ISO/ASA 1.6 (that's one point six) speed film? Huh?
Old 06-04-2017   #1
dmr
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ISO/ASA 1.6 (that's one point six) speed film? Huh?

Anyone tried this or even heard of this?

https://filmphotographystore.com/col...w-speed-1-roll

I'm all for trying new films but this one looks strange. Sunny-16 exposure would be 1.6 seconds!
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Old 06-04-2017   #2
nhchen
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Never tried it, but for sunny 16, wouldn't it be 1/1.6 = 0.625 sec. So not as bad as 1.6 sec

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Old 06-04-2017   #3
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Originally Posted by nhchen View Post
Never tried it, but for sunny 16, wouldn't it be 1/1.6 = 0.625 sec. So not as bad as 1.6 sec

Nathan
Yes, that's right. Not a major improvement, though!
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Old 06-04-2017   #4
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It would a good film for someone needing an excuse to buy a Noctilux.
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Old 06-04-2017   #5
narsuitus
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I used to shoot high contrast black & white copy film for its high resolution. I wonder if this color copy film has high resolution.
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Old 06-04-2017   #6
ChrisPlatt
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Now where did I put my tripod?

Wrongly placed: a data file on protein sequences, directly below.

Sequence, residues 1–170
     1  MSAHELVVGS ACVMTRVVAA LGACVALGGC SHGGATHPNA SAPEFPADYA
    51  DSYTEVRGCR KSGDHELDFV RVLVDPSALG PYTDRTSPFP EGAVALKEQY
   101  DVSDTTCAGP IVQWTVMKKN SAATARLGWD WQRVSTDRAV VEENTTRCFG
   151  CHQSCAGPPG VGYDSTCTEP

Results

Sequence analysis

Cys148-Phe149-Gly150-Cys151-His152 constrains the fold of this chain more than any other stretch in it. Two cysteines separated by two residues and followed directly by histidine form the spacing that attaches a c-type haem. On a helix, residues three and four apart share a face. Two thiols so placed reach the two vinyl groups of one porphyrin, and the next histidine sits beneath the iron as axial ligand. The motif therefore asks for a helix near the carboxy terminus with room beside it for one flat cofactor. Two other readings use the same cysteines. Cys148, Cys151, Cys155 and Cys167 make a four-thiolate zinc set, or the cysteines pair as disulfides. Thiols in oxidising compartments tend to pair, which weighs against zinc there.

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Old 06-04-2017   #7
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Ilford makes, or at least used to make, a direct-postive paper for a 4X5 that had a speed rating of 1.6, and lower. I've shot the stuff at an ISO of 0.8.

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Old 06-04-2017   #8
bucs
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Quote:
Originally Posted by Rob-F View Post
It would a good film for someone needing an excuse to buy a Noctilux.
This was my first thought. at ISO 1.6, sunny16 would be equivalent to approximately 1/125 at f/1.4.

You can now use your Noctilux in bright daylight haha
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Old 06-04-2017   #9
dmr
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Quote:
Originally Posted by narsuitus View Post
I used to shoot high contrast black & white copy film for its high resolution. I wonder if this color copy film has high resolution.
Decades ago when I was in college, some classmates used to shoot the Kodak copy film at something like ASA/ISO 8 or so and then underdevelop it. It would do 8x10 B&W prints that had the look and feel of being done with a 4x5 negative, but of course a lot of light was required.

I was trying to think back, and the lowest box speed I can remember was the original Kodachrome at 10, and I never really saw let alone used it, as the Kodachrome 25 was phased in by the time I got into this stuff.